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Hunter-Reay looks to repeat

Last year’s winner returns to Iowa Speedway after last weekend’s big win on ‘Milwaukee Mile’

Published: Friday, June 21, 2013 11:20 a.m. CDT • Updated: Friday, June 21, 2013 11:56 a.m. CDT
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(Daily News File Photo)
Last year, Ryan Hunter-Reay found himself atop the podium in Pizza Ranch Victory Lane at the Iowa Speedway. He is working toward a repeat performance this year, which could put him atop the IZOD IndyCar Series standings.

The IZOD IndyCar Series season is starting to heat up following a very entertaining race at last Saturday’s Milwaukee IndyFest. Sunday’s Iowa Corn 250 at Iowa Speedway will mark the 10th race of a 17-race season, and there is one driver in particular who should feel more comfortable at Iowa Speedway than any other.

With the Iowa Corn 250 on the horizon, Ryan Hunter-Reay came away with a victory at Milwaukee on Saturday. The win for the 32-year old Ft. Lauderdale, Fla. native was his second in nine races so far this season, tying James Hinchcliffe for the most on the circuit. He currently sits in second place in the IndyCar points standings, just 16 points behind first-place driver Helio Castroneves.

Hunter-Reay’s victory in Milwaukee repeated his performance from last season, when he drove the No. 28 car for Andretti Autosport.

Hunter-Reay’s record at Iowa Speedway speaks for itself. He has raced five times at Newton’s 7/8-mile racing venue, finishing in the top-10 four times, highlighted by a win in this same event last year. If history is any indicator, Hunter-Reay could find himself atop the IndyCar points race come Monday.

Hunter-Reay appreciates the nuances provided by the track. As he points out, it’s unlike any other short track in the nation.

“It’s such a unique oval,” Hunter-Reay said. “It’s a pretty amazing feeling getting around there, almost never getting the wheel straight. And with the banking that you have on such a short track like that, the radius of the corners are so tight that it allows for some side by side racing, and on a track that’s short, it’s unheard of.”

The excitement of having to stay on his toes seems to appeal to Hunter-Reay’s competitive nature. His success at the speedway most likely has a lot to do with the feeling he describes from racing there. When an athlete gets charged up like that, he can be difficult to stop. Knowing the track suits his competitive nature and his driving style makes it easier for Hunter-Reay to appreciate the unique challenge that the track presents.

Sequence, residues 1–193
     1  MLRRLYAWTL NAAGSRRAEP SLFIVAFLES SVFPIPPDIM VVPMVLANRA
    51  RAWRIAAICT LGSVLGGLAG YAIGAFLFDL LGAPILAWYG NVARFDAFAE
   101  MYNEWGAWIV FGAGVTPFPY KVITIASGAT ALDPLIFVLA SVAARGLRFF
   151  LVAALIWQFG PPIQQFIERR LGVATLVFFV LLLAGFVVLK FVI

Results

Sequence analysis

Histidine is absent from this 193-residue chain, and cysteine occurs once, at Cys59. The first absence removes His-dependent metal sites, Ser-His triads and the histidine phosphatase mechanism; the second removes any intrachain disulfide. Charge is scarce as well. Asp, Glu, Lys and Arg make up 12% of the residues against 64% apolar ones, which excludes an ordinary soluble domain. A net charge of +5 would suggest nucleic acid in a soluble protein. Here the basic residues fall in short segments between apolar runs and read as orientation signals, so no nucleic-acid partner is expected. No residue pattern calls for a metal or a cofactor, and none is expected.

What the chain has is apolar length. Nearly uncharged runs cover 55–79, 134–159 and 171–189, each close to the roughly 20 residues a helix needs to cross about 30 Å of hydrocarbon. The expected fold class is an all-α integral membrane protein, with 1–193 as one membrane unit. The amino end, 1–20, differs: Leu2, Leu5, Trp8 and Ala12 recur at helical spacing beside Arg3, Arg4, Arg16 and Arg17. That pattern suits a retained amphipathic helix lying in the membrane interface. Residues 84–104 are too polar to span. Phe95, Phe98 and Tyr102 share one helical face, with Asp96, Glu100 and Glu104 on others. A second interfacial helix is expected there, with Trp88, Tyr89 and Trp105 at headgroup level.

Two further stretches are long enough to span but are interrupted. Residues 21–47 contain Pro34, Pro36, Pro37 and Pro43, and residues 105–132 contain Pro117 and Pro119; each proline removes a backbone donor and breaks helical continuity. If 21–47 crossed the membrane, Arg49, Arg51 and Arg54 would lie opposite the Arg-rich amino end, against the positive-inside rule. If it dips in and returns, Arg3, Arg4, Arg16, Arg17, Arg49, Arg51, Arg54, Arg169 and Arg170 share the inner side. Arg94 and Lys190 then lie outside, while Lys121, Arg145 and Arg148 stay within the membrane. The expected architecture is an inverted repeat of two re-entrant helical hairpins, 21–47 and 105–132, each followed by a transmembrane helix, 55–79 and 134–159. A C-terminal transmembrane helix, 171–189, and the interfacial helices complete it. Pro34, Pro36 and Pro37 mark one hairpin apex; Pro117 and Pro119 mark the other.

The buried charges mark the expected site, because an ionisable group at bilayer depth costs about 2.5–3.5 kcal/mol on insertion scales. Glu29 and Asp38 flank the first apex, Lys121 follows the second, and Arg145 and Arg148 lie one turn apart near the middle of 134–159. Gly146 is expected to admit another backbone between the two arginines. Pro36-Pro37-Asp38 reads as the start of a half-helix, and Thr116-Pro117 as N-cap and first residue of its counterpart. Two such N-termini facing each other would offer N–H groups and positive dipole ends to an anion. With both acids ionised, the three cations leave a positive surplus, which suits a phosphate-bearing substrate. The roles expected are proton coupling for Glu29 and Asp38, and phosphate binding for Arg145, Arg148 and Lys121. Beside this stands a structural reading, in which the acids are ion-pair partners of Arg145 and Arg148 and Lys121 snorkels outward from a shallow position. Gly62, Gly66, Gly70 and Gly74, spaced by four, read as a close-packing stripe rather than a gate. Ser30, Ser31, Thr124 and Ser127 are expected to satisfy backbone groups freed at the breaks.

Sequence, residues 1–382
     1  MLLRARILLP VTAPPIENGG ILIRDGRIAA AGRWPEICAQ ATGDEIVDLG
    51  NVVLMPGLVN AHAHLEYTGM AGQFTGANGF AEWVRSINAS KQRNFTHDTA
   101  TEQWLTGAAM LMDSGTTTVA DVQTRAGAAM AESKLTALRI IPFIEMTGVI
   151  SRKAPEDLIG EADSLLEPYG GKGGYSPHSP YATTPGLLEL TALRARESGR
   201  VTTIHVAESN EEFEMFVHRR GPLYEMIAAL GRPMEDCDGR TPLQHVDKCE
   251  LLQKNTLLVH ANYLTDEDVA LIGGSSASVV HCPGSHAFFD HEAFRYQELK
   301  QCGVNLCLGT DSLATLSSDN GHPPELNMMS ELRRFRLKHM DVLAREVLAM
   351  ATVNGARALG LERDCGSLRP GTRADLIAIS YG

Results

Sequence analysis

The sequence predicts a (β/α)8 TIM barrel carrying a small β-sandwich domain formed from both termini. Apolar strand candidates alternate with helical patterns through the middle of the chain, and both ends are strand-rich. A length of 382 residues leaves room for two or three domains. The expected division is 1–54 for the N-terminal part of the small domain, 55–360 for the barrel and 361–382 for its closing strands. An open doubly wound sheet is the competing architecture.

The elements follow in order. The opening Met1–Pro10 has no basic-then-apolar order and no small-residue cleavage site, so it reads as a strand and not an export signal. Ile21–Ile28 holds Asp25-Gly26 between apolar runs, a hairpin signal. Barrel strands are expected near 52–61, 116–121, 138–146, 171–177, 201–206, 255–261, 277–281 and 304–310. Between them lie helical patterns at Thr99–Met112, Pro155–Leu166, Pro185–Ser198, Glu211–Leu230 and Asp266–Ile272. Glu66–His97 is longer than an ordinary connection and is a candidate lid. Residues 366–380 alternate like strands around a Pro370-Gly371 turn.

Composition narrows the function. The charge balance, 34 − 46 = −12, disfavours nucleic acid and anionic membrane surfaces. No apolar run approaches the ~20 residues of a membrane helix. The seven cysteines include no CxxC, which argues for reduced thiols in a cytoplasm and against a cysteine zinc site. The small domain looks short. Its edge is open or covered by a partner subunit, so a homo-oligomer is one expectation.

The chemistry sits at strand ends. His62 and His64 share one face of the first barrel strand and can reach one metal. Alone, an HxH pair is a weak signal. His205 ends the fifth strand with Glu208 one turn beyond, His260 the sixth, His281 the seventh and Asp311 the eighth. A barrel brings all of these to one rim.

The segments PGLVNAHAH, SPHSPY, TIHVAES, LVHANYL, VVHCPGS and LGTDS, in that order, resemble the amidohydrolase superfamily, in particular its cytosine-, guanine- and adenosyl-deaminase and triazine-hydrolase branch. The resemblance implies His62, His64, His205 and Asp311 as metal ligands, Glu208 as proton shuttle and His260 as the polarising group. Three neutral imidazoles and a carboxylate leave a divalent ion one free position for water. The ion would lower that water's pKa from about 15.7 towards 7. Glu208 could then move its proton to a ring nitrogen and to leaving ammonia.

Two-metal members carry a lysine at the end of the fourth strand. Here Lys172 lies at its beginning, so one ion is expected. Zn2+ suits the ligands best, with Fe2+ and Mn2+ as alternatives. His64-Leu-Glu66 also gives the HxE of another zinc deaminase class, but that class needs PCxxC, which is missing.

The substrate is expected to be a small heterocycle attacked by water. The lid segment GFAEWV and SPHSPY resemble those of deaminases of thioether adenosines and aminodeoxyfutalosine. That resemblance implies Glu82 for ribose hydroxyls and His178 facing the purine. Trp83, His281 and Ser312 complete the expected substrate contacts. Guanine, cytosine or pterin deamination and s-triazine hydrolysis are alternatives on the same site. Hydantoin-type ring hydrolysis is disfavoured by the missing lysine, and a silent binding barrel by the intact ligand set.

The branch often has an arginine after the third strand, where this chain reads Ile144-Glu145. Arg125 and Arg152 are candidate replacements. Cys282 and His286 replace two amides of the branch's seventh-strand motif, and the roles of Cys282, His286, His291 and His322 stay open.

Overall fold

“It’s a unique place, and one that you really have to wheel it because of the bumps in turn one and two,” he said. “You’ve got to always stay on top of that, and the car changes a lot. So from the time you put all the fuel in to the time you’re coming in for new tires and a full tank of fuel, it changes so much, more so than most racetracks we go to. So I love it. It keeps you on your toes as a driver, and it’s very challenging.”

A big change to the points race and the Iowa Corn 250 this season is IndyCar’s decision to award points based on qualifying. This week’s heat races will become just the second qualifying heats to be worth points this season, the first being qualifying for the Indianapolis 500.

Several drivers have been on the fence regarding this somewhat dramatic change in the importance of qualifying, and Hunter-Reay is no different. He saw a few issues presented by the qualifying last year that he feels need to be tweaked in the spirit of more exciting racing.

“To be honest with you, I’m not quite sure what I think about it,” he said. “Last year the problem with the heat races was the tires, when the tires were new is when we’re doing our racing, so everybody had full grip and the racing wasn’t very exciting. Well, as you saw in the race, the racing can get really exciting about halfway through the tire run to the end. So that in my opinion needs to be tweaked, but we’ll see. We’ll give it a go this year. We’re trying to get the right balance there and make it exciting on the day before the race.”

Qualifying heats for the Iowa Corn 250 will begin at 5:45 p.m. on Saturday, and the drivers will be starting their engines for the big show at Iowa Speedway at 2:05 p.m. on Sunday.

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